China responds to Google censorship decision


23 Mar 2010

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China has responded swiftly to the news that online search giant Google is stopping censoring its Chinese search results, describing the decision as “totally wrong”.

“Google has violated the written promise it made on entering the Chinese market by stopping filtering its searching service and blaming China in insinuation for alleged hacker attacks,” said an unnamed government official in charge of the internet bureau under the State Council Information Office, according to the Xinhua state media agency.

“This is totally wrong. We’re uncompromisingly opposed to the politicisation of commercial issues, and express our discontent and indignation to Google for its unreasonable accusations and conducts.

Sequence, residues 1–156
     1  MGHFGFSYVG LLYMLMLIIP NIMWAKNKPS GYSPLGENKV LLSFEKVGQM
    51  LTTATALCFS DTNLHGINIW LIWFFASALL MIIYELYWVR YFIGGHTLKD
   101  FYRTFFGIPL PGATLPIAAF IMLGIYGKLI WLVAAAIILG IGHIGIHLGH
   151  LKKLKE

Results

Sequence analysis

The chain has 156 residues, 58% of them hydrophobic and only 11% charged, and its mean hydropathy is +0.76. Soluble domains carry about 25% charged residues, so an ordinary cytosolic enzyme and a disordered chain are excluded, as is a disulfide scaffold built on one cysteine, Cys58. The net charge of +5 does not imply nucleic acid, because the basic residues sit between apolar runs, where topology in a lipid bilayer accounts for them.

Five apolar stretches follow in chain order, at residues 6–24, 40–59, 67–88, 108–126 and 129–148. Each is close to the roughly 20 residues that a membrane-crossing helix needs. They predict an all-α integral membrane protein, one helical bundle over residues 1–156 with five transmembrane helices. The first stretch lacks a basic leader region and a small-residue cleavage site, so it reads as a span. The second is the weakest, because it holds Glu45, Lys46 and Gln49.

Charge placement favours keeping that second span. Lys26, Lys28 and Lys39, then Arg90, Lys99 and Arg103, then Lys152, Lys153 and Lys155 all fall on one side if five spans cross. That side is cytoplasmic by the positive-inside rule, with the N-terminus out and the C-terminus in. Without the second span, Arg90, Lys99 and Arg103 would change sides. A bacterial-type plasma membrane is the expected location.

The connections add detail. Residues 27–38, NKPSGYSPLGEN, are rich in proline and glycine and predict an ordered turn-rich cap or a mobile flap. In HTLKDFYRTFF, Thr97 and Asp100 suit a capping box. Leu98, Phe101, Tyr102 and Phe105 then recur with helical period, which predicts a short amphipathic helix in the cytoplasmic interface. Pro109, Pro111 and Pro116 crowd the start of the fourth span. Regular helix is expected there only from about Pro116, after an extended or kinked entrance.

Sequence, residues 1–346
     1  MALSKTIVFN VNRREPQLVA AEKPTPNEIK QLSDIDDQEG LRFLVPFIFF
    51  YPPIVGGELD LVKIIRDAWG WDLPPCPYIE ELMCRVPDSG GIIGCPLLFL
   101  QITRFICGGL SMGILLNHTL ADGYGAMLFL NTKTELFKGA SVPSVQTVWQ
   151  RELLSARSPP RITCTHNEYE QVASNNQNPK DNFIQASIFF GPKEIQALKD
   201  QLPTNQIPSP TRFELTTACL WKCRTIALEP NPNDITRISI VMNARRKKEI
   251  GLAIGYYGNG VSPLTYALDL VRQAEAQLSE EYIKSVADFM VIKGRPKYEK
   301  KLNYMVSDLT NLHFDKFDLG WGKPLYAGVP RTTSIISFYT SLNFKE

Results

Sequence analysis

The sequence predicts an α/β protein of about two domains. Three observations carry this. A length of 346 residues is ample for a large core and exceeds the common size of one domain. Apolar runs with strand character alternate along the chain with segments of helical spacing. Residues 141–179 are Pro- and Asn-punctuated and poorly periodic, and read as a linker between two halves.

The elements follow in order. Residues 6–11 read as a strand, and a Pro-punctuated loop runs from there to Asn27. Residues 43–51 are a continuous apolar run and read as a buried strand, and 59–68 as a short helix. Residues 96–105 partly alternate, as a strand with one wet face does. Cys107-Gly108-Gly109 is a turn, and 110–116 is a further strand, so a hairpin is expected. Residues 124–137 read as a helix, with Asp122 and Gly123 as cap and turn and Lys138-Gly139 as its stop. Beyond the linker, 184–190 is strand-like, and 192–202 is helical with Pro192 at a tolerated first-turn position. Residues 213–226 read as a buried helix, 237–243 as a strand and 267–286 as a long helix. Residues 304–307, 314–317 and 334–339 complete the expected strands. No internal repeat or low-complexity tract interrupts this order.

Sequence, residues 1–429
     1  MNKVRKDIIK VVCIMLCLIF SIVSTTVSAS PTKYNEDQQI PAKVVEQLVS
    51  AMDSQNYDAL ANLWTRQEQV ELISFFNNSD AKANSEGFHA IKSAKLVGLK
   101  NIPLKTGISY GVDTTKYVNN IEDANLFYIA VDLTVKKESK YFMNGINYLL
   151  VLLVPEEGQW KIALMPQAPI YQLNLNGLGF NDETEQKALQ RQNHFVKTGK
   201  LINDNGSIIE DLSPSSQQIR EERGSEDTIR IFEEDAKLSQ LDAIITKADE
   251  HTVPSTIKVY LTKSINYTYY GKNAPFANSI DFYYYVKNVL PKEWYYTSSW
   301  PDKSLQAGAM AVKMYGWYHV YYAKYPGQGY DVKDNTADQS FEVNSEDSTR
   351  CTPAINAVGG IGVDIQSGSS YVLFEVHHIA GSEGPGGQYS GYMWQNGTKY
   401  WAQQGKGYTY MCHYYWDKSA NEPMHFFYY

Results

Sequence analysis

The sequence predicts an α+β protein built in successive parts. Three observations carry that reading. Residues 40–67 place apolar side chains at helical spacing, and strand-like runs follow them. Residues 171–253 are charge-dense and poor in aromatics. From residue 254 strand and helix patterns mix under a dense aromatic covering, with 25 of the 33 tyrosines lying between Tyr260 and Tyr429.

“Foreign companies must abide by Chinese laws and regulations when they operate in China,” the official added.

Google announced yesterday that it has stopped censoring its search services on its Chinese site, Google.cn.

The company said that users of its Google.cn website are now being redirected to Hong Kong where it is offering uncensored search in simplified Chinese, which it said is specifically designed for users in mainland China and is being delivered via its servers in Hong Kong.

Its decision came a little more than two months after the company threatened to pull out of China altogether because of censorship and cyber attacks.

Article courtesy of Businessandleadership.com